No Free Lunch

January 26, 2014

On paper static typing sounds strictly superior to dynamic typing. The compiler can track the data flow throughout our code and tell us when we're using the data incorrectly. This clearly eliminates a whole class of errors that are otherwise possible. What's more, types allow us to encode the business logic of our application allowing us to write code that's provably correct.

All this is unarguably correct, however these benefits do not come for free. One major problem is that static typing requires us to declare all the relationships globally. When you have global relationships a change at any level requires global refactoring at every level.

In my opinion, this makes static typing poorly suited for situations where your requirements are incomplete or subject to change, and in reality there are very few scenarios where your requirements are set in stone.

In most cases, we only care about a local contract between any two functions. What we want to know is that the function being called produces the type expected by the caller. A modification of a local contract should not cause global change in our code base.

Another cost of static typing is that it forces us to handle cases that are not part of the application workflow. For example, our code might have an undefined behavior, but the interface does not allow the user to access this state. This is a case of a tree falling in the woods when no one's around.

Regardless of the type system that you use, you will need to do functional testing in order to ensure that the business logic does what's intended. At the end of the day, the goal of the application is to handle the intended use cases as opposed to providing a proof of correctness.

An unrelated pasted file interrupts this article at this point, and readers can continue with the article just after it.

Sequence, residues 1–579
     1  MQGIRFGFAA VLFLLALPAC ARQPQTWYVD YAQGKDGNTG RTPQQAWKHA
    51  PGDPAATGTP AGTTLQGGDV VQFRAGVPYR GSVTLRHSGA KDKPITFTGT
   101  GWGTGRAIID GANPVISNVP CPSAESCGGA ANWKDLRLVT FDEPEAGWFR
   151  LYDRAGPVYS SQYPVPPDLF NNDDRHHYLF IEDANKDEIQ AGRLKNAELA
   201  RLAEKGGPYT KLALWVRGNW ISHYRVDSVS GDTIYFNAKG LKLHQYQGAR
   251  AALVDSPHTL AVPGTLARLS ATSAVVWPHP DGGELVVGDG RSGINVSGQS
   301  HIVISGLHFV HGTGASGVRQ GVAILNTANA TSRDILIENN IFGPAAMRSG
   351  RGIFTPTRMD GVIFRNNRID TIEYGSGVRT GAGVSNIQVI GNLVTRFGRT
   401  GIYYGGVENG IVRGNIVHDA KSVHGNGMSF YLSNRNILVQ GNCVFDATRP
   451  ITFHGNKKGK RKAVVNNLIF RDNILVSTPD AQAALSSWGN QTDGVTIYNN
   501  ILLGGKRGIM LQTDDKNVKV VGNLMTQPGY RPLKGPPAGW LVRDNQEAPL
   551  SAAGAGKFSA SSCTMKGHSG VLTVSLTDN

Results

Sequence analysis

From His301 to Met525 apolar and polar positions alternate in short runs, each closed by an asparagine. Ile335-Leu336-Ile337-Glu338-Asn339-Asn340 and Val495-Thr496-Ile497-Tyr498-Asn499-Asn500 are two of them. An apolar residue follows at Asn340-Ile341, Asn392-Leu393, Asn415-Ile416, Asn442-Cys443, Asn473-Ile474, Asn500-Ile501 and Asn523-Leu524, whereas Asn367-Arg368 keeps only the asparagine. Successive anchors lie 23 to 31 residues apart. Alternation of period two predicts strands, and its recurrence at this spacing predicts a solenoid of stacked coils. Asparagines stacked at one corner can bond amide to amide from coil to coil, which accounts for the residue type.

When I look at the GitHub issues for my own projects such as Selemer or markdown-clj, vast majority of them stem from lack of specification. Practically none of these issues would have been caught by the type system. Had I used a statically typed language to write these projects, I would've simply had to jump through more hoops to end up with the same result.

In my opinion the value added by a static type system has to be weighed against the complexity of the problem and the cost of errors. Since it's obviously useful in some cases and provides dubious value in others, an optional type system might provide the right balance. Static typing is a tool and it should be up to the developer to decide how and when to apply it.

With an optional static checker we can add types where it makes sense and leave the rest of the code dynamic. This is precisely the situation CircleCI found themselves in.

Tags: clojure

Copyright © Dmitri Sotnikov

Powered by Cryogen